OBJECTIVE: To identify factors associated with positive scores on a brief psychosocial screening tool with subscales for internalizing, externalizing, and attention problems. METHODS: Parents of 2028 children between the ages of 7 and 15 years seen in a sample of 8 primary care practices in the Minneapolis-St Paul metropolitan area completed a brief questionnaire that included the 17-item Pediatric Symptom Checklist (PSC), demographic information, and the reason for the child's visit to the clinic. RESULTS: Overall, 22% of the youth had at least 1 positive PSC-17 subscale or a positive PSC-17 total score. Twelve percent scored positive on the internalizing subscale, 10% on the externalizing subscale, 7% on the attention subscale, and 11% had a positive PSC-17 total score. Although boys were more likely than girls to score positive on the attention and aggression subscales, boys and girls were equally likely to have a positive score on the depression subscale. Children not living with both biological parents and those with a household member receiving public assistance were significantly more likely to show psychosocial dysfunction. Controlling for demographic characteristics, patients presenting for an illness-related or injury visit were more likely to score positive on the screen than those presenting for a routine well-child visit (odds ratio: 1.46; 95% confidence interval: 1.07-1.98). CONCLUSIONS: Clinicians will miss opportunities to identify emotional and behavioral disorders among children and adolescents who may be at a higher risk if they limit psychosocial screening to health supervision visits. Further research is needed to identify effective strategies for using primary care for recognizing, diagnosing, and treating mental health disorders in children and adolescents.


Assuntos
Programas de Rastreamento , Transtornos Mentais/epidemiologia , Visita a Consultório Médico , Atenção Primária à Saúde , Testes Psicológicos , Doença Aguda , Adolescente , Agressão , Atenção , Criança , Transtornos do Comportamento Infantil/diagnóstico , Transtornos do Comportamento Infantil/epidemiologia , Serviços de Saúde da Criança , Depressão , Feminino , Humanos , Masculino , Anamnese , Transtornos Mentais/diagnóstico , Minnesota/epidemiologia , Aceitação pelo Paciente de Cuidados de Saúde , Psicologia , Fatores Socioeconômicos , Inquéritos e Questionários
19.
J Community Health ; 28(2): 79-97, 2003 Apr.
Artigo em Inglês | MEDLINE | ID: mdl-12705311

RESUMO

Cigarette smoking remains a substantial threat to the current and future health of America's youth. The purpose of this study was to identify the risk and protective factors for cigarette smoking among US adolescents. Data from the National Longitudinal Study of Adolescent Health was used, comparing the responses of all non-smokers at Time 1 for their ability to predict the likelihood of smoking at Time 2, one year later. Data was stratified into four gender by grade group cohorts. Cross-cutting risk factors for smoking among all four cohorts were: using alcohol, marijuana, and other illicit drugs; violence involvement; having had sex; having friends who smoke and learning problems. Having a higher grade point average and family connectedness were protective across all cohorts. Other gender and grade group specific risk and protective factors were identified. The estimated probability of initiating smoking decreased by 19.2% to 54.1% both in situations of high and low risk as the number of protective factors present increased. Of the factors that predict or protect against smoking some are influential across all gender and grade group cohorts studied, while others are specific to gender and developmental stage. Prevention efforts that target both the reduction of risk factors and enhancement of protective factors at the individual, family, peer group and community are likely to reduce the likelihood of smoking initiation.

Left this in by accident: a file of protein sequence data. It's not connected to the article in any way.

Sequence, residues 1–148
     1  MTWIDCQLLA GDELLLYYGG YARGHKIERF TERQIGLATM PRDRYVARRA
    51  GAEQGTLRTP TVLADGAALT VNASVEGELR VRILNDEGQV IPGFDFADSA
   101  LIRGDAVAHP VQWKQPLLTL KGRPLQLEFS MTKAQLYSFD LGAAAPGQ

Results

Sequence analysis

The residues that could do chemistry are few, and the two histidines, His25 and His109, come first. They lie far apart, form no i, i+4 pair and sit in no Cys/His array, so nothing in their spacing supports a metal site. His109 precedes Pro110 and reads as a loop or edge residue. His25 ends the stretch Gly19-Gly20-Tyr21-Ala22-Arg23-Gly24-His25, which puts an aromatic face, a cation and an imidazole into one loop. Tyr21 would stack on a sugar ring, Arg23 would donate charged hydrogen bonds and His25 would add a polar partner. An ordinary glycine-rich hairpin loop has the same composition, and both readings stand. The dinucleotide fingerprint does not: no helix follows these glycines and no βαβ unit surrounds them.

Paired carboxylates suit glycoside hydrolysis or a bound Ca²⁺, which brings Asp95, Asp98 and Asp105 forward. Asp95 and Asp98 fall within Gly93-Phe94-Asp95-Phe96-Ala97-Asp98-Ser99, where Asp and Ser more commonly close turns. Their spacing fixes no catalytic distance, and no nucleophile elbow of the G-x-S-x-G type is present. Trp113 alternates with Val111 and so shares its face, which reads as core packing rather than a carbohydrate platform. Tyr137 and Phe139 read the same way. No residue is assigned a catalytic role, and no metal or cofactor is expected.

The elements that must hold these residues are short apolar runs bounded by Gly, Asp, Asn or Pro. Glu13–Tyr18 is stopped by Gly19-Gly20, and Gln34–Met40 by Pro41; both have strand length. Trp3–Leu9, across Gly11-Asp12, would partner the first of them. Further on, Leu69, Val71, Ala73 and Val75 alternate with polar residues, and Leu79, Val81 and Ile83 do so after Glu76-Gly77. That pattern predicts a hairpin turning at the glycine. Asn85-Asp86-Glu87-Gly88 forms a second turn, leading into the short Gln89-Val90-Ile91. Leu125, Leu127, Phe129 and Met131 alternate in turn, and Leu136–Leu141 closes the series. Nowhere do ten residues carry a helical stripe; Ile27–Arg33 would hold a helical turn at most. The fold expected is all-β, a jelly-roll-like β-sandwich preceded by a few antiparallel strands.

Assuntos
Comportamento do Adolescente/psicologia , Comportamentos Relacionados com a Saúde , Assunção de Riscos , Fumar/psicologia , Logro , Adolescente , Comportamento do Adolescente/etnologia , Estudos de Coortes , Análise Fatorial , Família/etnologia , Feminino , Comportamentos Relacionados com a Saúde/etnologia , Humanos , Estudos Longitudinais , Masculino , Grupo Associado , Probabilidade , Medição de Risco , Fatores de Risco , Autoimagem , Fatores Sexuais , Fumar/etnologia , Prevenção do Hábito de Fumar , Estados Unidos/epidemiologia
20.
Ambul Pediatr ; 2(6): 475-84, 2002.
Artigo em Inglês | MEDLINE | ID: mdl-12437395

RESUMO

OBJECTIVE: To identify risk and protective factors for violence perpetration among youth with a history of grade retention. DESIGN: Longitudinal analysis of in-home interviews of 13,781 adolescents in grades 7 through 12 conducted in 1995 and 1996. METHODS AND MEASURES: Serious interpersonal violence perpetration at time 2 by time 1 independent variables including measures of community and school context, family context, and individual characteristics. RESULTS: The 20% of girls and 28% of boys who had repeated 1 or more grades were more likely than those who had not to be in the top quintile of violence perpetration at time 2 (P <.001). For both girls and boys with a history of grade repetition, predictive risk factors with an odds ratio of 3 or greater (P <.001) included time 1 violence perpetration, violence victimization, weapon carrying, school problems, and alcohol and marijuana use. Although a high grade point average was a significant protective factor against violence perpetration for both girls (odds ratio, 0.36; P <.05) and boys (odds ratio, 0.23; P <.001), performance on a validated measure of verbal knowledge was not associated with violence perpetration over the study period. School connectedness, parent-family connectedness, and emotional well-being were also significant universal protectors against violence perpetration. CONCLUSIONS: Youth who are held back in school are at heightened risk for violence perpetration. Violence-related behaviors and substance use considerably increase the likelihood of this outcome. The findings suggest that schools can participate in violence prevention by providing youth with a positive community and academic experience.


Assuntos
Educação , Estudantes/psicologia , Baixo Rendimento Escolar , Violência/prevenção & controle , Adolescente , Família/psicologia , Feminino , Humanos , Modelos Logísticos , Estudos Longitudinais , Masculino , Análise Multivariada , Fatores de Risco , Estados Unidos